"You control what you can control," he says. "Your effort. Your preparation. You try to do it right and get good results.
"If I could control the results, I'd get two hits every game."
"Two?" he is asked. "Not four?"
"You've got to let other people eat, too, you know," he says, laughing. "Pitchers need to eat, too."
We are outside the Phillies' clubhouse on this rain-drenched day, and save a clubhouse guard, we are alone. Most of his teammates have hit in the cage, received their treatment, done their work and gone. Polanco is still here, dressed as if there is still work to be done. There is. "I have to come here and take care of all the stuff that aches," he says. Again with a smile.
There are a few fresh stories on this year's Phillies team, a few guys who were not here in 2008, who don't own one of those huge, gaudy rings and wish they did. Raul Ibanez was in Seattle back then, losing 101 games. Mike Sweeney was in the 14th year of his 16-year odyssey to find the postseason.
Polanco was in Detroit. He made the postseason there in 2006, of course, was the American League Championship Series Most Valuable Player as the Tigers swept the A's. He reached base 12 times in that series, batted .529. Then he went to the World Series, his team lost in five games to the team that drafted him, the Cardinals, and he didn't get a hit.
"What can I do about it now?" he says, and he's right. But the truth is Polanco's career has mirrored this, whether he was denied a batting title in 2005 because he didn't have enough at-bats with the Tigers after being traded by the Phillies, or even whether he was denied the chance to remain in St. Louis and then Philadelphia because a higher-profile player was in his way.
"Truth is, I didn't want to trade Polanco in the first place," Charlie Manuel has said. A guarantee to David Bell that he would play every day at third base forced it, to a great extent.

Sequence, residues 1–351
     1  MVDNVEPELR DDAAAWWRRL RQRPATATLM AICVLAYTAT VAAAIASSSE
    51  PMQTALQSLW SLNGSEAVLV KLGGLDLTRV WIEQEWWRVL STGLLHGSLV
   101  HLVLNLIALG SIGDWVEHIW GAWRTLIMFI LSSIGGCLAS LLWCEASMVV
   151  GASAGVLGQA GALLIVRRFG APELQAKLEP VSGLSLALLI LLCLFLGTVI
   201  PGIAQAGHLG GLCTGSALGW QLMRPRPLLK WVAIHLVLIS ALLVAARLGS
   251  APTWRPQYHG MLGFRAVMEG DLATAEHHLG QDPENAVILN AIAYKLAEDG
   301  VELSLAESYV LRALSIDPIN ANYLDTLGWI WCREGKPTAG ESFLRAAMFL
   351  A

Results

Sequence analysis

"Sometimes it's out of your control, and there's nothing you can do about it," Polanco says. He has learned this. He is not what his name implies, no matter how calm he presents himself nowadays.
He was 31 when he went to the World Series. Even then, he was far from healthy. Polanco separated his shoulder on Aug. 15 that season, diving for a ball. He missed more than a month and the Tigers lost 22 of their next 35 games without him. Somewhere toward the end of that run, as he tried to get back on the field, Polanco stormed from the Tigers' locker room convinced he was finished.
He was given a cortisone shot.
His first of many.
Polanco has been given four this season, the last on the final weekend of the season. He also took a shot in his balky back the day before Game 1 of the NLDS, when he had to be scratched. It was the second time he missed playing behind Roy Halladay as he threw a no-hitter.
"That day that I didn't start, I'm, like, 'You're here for 8 months, playing every day, battling to make it to here and then now I'm not able to play?' " he says. "Not even because of the elbow but because of something else? It was frustrating."
There was no storming out of the clubhouse. It worked the other way. He has lived there this season, rain or shine, going through all the things deemed necessary to make him last another couple of weeks, to make him a contributor.
"I know how hard it is to make the playoffs," he says. "So now I just try to enjoy the moment. Get the most out of it. You don't know what's next. Mike Sweeney - what a great career he's had. But this is his first playoff. So you don't know . . .
"You don't know."
He twisted his neck and produced a couple of cracks.
Thirty-five years old. Four cortisone shots already.
Carpe diem, indeed.
"I'm a grown man, two kids, a family," he says. "And I've learned that life goes that way sometimes. Sometimes it goes your way. Sometimes it doesn't go your way. What can you do about it? There's nothing you can do about it. Except try your best."
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